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Two sons-in-law of Saddam Hussein, including the man who was considered the second most powerful in Iraq, have defected to Jordan in what is seen as a dramatic blow to the Iraqi president.

The Jordanian government said on Thursday that Lt. Gen. Hussein Kamel Hassan, who led military industrialization and the industry and minerals ministry, had arrived in Amman along with his brother, Lt. Col. Saddam Kamel Hassan, who is in charge of Saddam's guards.Both men are married to daughters of Saddam and had sought diplomatic asylum in Jordan. It was immediately granted.

Hussein Kamel was the man who built up Saddam's war machine that invaded Kuwait five years ago, only to be defeated at the hands of U.S.-led allied forces in the Gulf War.

"It's an extraordinary, dramatic development," one diplomat said. "On the level of military industrialization, it will be a major blow. He had been directing it since 1987, in charge of all procurement, everything, right up to the last moment."

The defections raised the prospect that the two men might be about to mount a campaign of resistance against the Iraqi leader and rally Iraqi dissidents outside the country.

News of the defection of the men and their families, first reported by a senior Jordanian source on Wednesday, was confirmed in a government statement on Thursday.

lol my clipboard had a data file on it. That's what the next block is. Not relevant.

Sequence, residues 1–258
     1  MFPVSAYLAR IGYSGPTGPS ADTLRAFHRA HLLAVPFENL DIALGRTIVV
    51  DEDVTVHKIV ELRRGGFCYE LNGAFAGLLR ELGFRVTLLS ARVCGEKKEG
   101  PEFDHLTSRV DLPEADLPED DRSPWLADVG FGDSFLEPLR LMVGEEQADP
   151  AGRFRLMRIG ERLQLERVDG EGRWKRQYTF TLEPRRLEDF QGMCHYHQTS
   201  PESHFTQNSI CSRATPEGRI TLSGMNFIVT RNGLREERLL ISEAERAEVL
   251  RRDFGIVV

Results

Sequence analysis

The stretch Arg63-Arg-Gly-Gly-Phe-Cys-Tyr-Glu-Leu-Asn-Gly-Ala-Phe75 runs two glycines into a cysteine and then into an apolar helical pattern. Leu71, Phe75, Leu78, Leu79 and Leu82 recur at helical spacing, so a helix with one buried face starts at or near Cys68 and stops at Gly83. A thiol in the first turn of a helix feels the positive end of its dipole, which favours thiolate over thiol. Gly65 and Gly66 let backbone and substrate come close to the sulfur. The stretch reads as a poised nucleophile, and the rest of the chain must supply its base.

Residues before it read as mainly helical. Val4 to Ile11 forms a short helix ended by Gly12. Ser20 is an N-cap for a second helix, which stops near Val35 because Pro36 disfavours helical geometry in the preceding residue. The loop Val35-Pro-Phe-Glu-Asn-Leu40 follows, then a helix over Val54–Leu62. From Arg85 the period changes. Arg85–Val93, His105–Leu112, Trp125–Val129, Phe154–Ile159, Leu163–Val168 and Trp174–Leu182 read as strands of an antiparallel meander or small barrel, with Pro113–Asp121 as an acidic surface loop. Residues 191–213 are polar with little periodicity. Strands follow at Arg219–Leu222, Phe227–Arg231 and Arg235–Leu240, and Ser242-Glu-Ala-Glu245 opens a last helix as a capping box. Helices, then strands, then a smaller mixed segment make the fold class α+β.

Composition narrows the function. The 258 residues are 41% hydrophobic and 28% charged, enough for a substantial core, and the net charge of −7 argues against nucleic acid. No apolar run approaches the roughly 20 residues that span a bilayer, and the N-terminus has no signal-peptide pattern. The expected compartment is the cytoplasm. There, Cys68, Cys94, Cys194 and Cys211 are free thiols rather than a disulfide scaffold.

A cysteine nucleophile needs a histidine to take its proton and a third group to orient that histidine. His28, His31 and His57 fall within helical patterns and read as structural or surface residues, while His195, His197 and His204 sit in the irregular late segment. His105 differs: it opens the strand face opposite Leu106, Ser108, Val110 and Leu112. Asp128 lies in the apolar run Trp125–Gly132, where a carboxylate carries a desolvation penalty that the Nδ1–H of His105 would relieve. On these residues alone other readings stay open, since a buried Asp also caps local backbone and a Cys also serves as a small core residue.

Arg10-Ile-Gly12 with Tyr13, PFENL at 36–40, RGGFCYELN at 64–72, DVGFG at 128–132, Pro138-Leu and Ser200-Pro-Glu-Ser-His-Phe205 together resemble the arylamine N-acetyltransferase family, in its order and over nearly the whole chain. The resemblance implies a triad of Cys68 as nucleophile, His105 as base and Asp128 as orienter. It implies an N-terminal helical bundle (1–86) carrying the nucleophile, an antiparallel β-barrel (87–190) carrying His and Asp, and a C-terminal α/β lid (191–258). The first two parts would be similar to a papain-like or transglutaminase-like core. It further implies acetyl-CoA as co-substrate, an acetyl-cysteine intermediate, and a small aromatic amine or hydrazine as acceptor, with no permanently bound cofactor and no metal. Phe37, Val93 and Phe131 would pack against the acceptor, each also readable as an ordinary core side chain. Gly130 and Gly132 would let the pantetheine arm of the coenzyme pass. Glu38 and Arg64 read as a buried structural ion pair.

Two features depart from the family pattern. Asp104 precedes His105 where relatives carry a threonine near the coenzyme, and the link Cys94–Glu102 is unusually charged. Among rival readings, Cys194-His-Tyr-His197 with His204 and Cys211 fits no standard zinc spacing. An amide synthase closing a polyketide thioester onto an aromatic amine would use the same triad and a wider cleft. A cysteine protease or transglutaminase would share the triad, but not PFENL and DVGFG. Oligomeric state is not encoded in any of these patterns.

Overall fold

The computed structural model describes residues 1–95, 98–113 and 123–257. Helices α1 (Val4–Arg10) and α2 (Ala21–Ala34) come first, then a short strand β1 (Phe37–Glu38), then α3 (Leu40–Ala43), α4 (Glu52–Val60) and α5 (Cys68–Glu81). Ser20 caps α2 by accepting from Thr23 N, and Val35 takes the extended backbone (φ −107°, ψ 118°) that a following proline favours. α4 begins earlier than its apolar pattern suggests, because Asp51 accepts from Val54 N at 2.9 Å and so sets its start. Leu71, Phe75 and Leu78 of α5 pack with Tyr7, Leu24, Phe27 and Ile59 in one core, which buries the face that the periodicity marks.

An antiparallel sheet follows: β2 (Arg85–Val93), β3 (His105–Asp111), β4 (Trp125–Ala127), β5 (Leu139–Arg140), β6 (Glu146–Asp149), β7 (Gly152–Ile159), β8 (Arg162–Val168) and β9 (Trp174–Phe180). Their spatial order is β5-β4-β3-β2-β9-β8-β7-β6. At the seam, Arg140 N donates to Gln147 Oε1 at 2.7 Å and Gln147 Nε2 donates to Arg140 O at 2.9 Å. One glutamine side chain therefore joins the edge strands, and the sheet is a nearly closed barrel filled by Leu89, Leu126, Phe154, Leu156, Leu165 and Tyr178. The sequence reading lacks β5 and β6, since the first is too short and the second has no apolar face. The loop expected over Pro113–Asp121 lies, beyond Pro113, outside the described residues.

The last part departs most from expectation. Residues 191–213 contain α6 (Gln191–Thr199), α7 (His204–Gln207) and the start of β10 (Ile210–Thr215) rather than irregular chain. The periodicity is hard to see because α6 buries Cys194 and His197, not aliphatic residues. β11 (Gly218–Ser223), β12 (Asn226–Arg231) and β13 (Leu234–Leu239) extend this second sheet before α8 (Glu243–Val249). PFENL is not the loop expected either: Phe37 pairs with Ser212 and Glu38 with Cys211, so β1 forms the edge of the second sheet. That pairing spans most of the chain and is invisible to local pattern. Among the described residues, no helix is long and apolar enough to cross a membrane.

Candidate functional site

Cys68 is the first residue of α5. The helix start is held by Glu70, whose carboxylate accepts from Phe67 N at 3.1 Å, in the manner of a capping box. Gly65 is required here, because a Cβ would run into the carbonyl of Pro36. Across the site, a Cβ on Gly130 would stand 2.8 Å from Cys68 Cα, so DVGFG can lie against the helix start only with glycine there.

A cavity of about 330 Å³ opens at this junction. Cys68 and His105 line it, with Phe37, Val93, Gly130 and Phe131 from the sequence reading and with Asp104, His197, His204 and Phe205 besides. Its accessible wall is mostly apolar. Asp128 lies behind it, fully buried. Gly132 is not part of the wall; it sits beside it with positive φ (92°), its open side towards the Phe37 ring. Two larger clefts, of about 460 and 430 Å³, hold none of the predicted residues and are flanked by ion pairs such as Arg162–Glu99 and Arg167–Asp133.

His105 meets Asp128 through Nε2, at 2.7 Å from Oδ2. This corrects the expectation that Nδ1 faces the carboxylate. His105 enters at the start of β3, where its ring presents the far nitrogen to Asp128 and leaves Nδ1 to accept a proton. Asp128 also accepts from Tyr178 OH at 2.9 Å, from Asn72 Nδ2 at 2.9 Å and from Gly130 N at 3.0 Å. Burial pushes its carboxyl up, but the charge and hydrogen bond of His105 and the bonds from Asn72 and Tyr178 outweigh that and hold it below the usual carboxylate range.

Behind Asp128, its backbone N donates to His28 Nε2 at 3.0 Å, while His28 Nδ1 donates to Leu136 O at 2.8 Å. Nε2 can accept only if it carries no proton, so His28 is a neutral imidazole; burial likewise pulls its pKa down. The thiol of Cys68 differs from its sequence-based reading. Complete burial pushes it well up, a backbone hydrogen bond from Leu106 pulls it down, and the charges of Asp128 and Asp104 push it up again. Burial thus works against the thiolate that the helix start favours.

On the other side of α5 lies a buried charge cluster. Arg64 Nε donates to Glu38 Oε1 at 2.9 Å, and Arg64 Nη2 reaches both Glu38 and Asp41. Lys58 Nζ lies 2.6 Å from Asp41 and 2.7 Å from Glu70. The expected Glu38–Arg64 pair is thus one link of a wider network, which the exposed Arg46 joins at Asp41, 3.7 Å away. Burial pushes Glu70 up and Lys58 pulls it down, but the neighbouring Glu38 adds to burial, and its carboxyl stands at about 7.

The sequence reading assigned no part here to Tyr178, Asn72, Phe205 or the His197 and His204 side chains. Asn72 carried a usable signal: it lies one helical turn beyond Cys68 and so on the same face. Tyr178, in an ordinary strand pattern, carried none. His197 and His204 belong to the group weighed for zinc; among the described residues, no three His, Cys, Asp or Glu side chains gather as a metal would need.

"Lt. Gen. Hussein Kamel Hassan, who had the honor of meeting with his majesty King Hussein after his arrival, appealed to his majesty to allow him and his companions to stay in Jordan, appealing to his majesty's care for them in dear Arab Jordan," an official Jordanian spokesman said.

King Hussein welcomed the minister and his companions and ordered the authorities to make arrangements for their stay in Jordan, the spokesman said.

The Iraqi government's only comment was a brief statement on the official Iraqi News Agency saying the industry minister had been relieved of his duties.

The two sons-in-law of Saddam were accompanied by a cousin of the two men, Maj. Izzedine Mohammed Hassan, their families and aides.

Their exact location was not disclosed, but a large number of Iraqi government Mercedes were parked at a Jordanian government guest palace in central Amman. A Jordanian armored car was parked opposite the entrance to the well-guarded compound.

Diplomats have long maintained that any serious threat to Saddam's hold on power would have to come from those close to him because intense security and a record of ruthlessly suppressing unrest make a popular revolt unlikely.

In Washington, the Clinton administration described the defections as an important development. President Clinton called King Hussein Tuesday night to discuss the matter, presidential spokesman Mike McCurry said.